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Great Encounter - Attendees return from Encuentro hopeful, eager to share gifts

V Encuentro celebrates, challenges Hispanic Catholics

10/05/2018 | Comments

WASHINGTON. Fifth National Encuentro participants returned to their dioceses and parishes with many challenges and hopes. Among them, they were called to share their gifts and reach out across race and language barriers in their own parish and diocesan communities; at the same time, they also urged the rest of non-Hispanic Catholics to recognize their presence and open doors to their gifts and contributions.

Carl Anderson, supreme knight of the Knights of Columbus, stressed that call to Catholic organizations and institutions. He told participants, “One of the missions of Encuentro is to tell the other Catholics in this country: Hispanics have many gifts to give you, open the doors, and let them give these gifts and do not be ashamed of their traditions.”

Hispanics represent about 40 percent of U.S. Catholics and nearly 60 percent of millennial Catholics, according to the Center for Applied Research in the Apostolate. Over 3,200 diocesan delegates or representatives, bishops and other Catholic leaders participated in the national gathering in Grapevine, Texas, in the Diocese of Fort Worth.

While there is a more vivid awareness in recognizing the opportunities in the gifts that Hispanics can bring to the table, part of the reality is that circumstances are different from region to region and even from parish to parish, and awareness must continue at all levels, said Bishop Daniel E. Flores of Brownsville, Texas.

“It’s really a deepening of the awareness of the whole people of God, catechists, parish secretaries, pastors and diocesan structures, about thinking differently about what their local situation is to invite people in. That’s an attitudinal reality,” Bishop Flores said in an interview with Catholic News Service.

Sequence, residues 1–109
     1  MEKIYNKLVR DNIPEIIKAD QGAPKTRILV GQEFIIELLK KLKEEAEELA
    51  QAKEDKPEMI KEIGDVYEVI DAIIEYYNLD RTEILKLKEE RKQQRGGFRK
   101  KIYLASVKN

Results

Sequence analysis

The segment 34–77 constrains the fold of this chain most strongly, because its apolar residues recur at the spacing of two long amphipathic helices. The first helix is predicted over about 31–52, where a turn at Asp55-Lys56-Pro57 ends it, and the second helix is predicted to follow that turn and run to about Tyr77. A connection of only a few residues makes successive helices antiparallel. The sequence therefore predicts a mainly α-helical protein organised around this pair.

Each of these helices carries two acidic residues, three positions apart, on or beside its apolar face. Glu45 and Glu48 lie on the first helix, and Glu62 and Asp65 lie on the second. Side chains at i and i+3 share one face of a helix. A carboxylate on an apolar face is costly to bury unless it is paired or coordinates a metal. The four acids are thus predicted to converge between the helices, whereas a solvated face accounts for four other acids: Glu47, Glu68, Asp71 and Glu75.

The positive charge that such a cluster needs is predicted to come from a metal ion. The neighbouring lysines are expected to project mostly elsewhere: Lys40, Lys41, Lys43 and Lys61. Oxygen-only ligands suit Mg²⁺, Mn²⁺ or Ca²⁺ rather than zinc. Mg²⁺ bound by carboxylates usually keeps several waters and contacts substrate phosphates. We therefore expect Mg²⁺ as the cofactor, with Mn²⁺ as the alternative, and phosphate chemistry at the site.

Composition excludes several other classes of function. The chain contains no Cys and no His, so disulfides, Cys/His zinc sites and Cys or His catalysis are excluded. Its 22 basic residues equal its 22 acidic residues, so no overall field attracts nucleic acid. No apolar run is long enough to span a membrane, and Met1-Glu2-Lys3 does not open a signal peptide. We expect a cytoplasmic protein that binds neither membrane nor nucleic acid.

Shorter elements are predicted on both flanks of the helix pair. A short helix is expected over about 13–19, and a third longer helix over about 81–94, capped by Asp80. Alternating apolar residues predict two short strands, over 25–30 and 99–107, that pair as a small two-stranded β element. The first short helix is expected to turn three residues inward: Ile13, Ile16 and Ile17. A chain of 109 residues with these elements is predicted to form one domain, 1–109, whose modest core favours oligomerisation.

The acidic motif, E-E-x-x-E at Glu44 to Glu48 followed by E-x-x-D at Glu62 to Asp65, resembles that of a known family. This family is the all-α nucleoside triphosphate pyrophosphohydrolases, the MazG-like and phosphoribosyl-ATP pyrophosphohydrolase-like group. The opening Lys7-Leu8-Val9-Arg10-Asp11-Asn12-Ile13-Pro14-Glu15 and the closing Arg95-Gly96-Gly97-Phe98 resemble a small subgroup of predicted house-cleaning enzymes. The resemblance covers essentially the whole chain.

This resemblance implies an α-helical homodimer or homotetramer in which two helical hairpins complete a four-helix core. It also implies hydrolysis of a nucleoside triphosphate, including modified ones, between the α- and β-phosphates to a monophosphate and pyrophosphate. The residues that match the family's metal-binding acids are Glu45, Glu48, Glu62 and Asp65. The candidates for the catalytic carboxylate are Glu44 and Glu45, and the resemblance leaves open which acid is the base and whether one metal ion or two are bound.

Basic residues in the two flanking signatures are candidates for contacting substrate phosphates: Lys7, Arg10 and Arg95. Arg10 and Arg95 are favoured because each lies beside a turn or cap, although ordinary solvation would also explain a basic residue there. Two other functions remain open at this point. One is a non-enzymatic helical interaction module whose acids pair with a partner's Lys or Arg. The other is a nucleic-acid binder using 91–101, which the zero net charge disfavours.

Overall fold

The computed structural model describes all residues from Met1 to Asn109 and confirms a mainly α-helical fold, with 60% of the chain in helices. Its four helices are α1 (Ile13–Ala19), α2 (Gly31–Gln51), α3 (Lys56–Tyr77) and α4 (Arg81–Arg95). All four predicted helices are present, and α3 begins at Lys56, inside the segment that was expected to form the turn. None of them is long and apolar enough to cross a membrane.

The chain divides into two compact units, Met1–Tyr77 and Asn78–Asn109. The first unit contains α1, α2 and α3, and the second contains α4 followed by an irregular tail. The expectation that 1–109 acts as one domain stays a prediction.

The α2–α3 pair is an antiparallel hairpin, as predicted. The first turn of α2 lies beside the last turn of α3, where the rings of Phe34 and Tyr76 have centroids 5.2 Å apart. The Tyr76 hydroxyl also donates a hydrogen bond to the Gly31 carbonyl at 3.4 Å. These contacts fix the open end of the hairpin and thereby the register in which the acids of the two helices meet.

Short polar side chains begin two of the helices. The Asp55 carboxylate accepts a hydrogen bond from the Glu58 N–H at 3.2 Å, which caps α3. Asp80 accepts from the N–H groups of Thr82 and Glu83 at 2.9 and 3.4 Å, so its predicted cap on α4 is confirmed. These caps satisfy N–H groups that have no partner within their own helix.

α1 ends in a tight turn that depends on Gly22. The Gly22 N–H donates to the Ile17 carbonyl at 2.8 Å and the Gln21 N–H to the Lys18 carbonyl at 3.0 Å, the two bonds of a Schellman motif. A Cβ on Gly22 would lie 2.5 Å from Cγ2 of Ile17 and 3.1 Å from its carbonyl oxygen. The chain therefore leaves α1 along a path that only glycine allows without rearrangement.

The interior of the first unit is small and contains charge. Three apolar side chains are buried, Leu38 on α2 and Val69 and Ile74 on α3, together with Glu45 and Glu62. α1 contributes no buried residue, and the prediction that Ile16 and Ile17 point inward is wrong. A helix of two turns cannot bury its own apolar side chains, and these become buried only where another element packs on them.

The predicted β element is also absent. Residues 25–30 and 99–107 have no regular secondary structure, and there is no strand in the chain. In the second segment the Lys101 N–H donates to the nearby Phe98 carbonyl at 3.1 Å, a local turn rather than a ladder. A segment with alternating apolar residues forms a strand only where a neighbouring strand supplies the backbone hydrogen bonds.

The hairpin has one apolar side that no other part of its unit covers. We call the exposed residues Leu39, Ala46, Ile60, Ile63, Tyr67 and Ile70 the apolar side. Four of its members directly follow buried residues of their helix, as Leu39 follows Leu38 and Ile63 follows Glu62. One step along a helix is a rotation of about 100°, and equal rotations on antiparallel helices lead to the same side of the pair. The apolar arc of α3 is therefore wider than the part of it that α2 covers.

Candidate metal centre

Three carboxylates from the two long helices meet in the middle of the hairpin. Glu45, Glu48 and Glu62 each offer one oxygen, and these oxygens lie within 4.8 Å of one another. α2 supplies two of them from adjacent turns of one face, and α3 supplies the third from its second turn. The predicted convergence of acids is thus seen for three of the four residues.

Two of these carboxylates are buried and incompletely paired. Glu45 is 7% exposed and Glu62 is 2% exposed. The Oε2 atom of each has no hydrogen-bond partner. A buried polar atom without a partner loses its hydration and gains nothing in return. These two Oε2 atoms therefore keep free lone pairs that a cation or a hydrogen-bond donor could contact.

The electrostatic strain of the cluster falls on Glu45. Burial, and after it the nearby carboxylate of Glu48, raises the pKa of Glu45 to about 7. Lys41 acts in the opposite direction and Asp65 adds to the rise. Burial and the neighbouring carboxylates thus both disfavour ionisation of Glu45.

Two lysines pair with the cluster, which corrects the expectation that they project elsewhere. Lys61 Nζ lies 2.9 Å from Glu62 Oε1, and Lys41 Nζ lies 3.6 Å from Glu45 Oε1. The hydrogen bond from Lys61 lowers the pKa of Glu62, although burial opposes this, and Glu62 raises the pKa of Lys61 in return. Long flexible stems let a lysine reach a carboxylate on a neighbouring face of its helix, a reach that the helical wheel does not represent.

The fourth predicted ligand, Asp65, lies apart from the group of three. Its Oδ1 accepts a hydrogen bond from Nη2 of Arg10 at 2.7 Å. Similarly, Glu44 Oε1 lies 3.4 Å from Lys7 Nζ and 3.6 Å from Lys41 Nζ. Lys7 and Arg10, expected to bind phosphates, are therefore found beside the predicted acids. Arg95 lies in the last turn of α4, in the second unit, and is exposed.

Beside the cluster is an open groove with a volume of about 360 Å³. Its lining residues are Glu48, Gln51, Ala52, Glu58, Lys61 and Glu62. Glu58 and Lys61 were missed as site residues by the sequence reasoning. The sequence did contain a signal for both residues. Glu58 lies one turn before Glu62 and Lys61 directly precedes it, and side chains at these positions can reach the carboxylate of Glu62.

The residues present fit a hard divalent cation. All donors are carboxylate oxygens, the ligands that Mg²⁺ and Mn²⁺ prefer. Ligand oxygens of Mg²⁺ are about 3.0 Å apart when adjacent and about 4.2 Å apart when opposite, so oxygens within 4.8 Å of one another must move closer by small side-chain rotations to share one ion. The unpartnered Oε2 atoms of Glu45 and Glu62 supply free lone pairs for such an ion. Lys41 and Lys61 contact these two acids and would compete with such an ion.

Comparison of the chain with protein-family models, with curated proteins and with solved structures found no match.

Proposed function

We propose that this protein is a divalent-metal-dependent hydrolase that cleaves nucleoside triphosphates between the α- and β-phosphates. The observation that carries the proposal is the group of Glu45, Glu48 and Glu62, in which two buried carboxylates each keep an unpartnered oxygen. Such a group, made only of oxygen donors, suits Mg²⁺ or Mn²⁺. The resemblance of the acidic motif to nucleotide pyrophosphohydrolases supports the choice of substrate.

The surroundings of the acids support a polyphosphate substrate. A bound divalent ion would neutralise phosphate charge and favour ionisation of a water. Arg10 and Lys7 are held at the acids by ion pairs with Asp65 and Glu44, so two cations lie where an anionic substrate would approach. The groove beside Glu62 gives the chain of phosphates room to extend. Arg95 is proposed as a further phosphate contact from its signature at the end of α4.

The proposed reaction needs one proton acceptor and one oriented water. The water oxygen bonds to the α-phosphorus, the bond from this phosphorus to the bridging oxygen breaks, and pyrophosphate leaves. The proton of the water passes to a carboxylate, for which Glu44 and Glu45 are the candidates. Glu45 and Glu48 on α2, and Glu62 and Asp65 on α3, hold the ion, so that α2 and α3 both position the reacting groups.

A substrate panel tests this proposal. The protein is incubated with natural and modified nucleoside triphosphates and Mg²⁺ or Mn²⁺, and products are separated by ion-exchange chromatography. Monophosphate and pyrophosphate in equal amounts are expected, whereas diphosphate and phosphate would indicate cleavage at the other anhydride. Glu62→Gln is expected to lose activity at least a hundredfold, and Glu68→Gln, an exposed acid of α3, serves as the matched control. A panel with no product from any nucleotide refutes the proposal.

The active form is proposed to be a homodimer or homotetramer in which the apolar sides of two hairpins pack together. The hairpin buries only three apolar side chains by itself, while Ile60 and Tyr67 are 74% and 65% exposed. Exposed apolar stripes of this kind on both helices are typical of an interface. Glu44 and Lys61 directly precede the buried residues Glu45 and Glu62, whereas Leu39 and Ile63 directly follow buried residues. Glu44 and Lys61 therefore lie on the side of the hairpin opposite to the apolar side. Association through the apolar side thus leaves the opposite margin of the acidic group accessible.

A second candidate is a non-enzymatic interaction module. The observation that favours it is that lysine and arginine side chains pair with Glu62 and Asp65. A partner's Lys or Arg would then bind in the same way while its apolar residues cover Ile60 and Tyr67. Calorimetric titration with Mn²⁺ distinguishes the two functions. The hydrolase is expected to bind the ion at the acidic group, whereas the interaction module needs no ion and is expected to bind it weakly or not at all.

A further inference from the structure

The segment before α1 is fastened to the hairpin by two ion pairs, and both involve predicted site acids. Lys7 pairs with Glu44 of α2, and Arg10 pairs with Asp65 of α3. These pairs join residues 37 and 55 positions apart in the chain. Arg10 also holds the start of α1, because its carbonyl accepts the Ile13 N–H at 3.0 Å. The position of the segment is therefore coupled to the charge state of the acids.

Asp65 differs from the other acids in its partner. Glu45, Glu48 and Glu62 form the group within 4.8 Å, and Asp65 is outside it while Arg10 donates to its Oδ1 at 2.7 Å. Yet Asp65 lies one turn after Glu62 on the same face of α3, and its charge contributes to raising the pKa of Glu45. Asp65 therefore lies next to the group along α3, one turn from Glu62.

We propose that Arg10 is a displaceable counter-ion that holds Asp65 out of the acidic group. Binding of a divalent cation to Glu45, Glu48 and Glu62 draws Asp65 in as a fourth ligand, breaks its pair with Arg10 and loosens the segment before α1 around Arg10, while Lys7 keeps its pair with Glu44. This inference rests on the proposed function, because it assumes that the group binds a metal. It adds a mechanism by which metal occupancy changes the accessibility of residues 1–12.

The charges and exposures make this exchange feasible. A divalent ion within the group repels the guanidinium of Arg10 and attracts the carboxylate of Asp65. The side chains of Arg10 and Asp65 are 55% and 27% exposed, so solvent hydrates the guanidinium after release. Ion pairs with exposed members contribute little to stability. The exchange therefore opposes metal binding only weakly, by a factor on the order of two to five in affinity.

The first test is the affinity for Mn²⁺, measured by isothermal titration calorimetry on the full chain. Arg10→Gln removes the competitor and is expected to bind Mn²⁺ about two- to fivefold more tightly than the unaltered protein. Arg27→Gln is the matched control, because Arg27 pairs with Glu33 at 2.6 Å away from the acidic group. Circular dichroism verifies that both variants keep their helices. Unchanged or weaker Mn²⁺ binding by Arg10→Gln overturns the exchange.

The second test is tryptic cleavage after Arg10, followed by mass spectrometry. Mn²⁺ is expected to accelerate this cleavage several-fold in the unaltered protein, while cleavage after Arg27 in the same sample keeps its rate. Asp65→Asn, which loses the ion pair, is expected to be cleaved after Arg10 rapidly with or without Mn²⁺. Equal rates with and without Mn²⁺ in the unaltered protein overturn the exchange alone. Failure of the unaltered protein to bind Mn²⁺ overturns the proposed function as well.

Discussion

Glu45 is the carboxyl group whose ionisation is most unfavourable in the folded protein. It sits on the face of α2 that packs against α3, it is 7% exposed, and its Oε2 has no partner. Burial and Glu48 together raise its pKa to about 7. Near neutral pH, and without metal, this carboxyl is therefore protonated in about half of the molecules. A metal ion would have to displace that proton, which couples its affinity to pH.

V Encuentro, as it also is known, is a sign of great progress but there is still a lot of work to be done particularly in Catholic institutions of higher education, Bishop Flores added.

The V Encuentro process has made inroads in initiating dialogues, opportunities for encounter and collaborations among Hispanics, across cultures and across ministries in over 2,500 parish communities, and more than 150 dioceses around the country. It also has identified and prepared over 25,000 new ministry leaders, according to organizers.

The call to include Hispanics in other ministries and positions within the church not limited to Hispanic ministry, was voiced out particularly among young adults.

“We need more people like us, who are not afraid to meet people where they are and to bring others into the conversation,” said participant Lia Salinas, who manages Hispanic ministry for the Archdiocese of Baltimore.

Many agree that the challenge is not easy, it needs deep awareness and commitment, added Bishop Mark Seitz of El Paso, Texas, whose diocese is over 80 percent Hispanic.

“It’s not a matter of the dominant culture just being nice and Christian and opening the doors. It’s a matter of everyone recognizing that we have in the Latino culture and the Latino tradition of faith  tremendous riches that will reinvigorate the whole church in the United States,” Bishop Seitz told CNS. He adds that Hispanics must embrace their gifts and not be timid about reaching out.

Bishop Seitz is already looking into ways of adapting new concepts learned from the gathering to further recognize the contributions of this group in his diocese, particularly from Hispanic youth and young adults.

Father Jose Eugenio Hoyos, director of the Hispanic Apostolate for the Diocese of Arlington, Virginia, considers that the outreach must begin in every parish and with those who make budget decisions.

“We need to be selling the V Encuentro to every pastor, especially the English-speaking ones, because they are the ones who work with and manage the budgets. And the Hispanic community has to learn how to give a little more, so that all these programs and dreams we have can be accomplished,” Father Hoyos said.

The contributions of Hispanic women serving as volunteers and leaders was also highlighted during the Encuentro. They were the backbone, assuring every stage of the multiyear process would reach completion in their parishes, dioceses and regions. Along the way, many more rose up as new leaders, organizers reported.

“I certainly hope that through this V Encuentro other cultures and the main culture in the United States realizes the importance of Hispanic women — they’re the ones that typically pass on the faith. Today, Hispanics are almost already half of the Catholic church in the U.S.” said Lucia Baez Luzondo, a national Catholic leader and speaker, who was also an Encuentro delegate for the Archdiocese of San Antonio.

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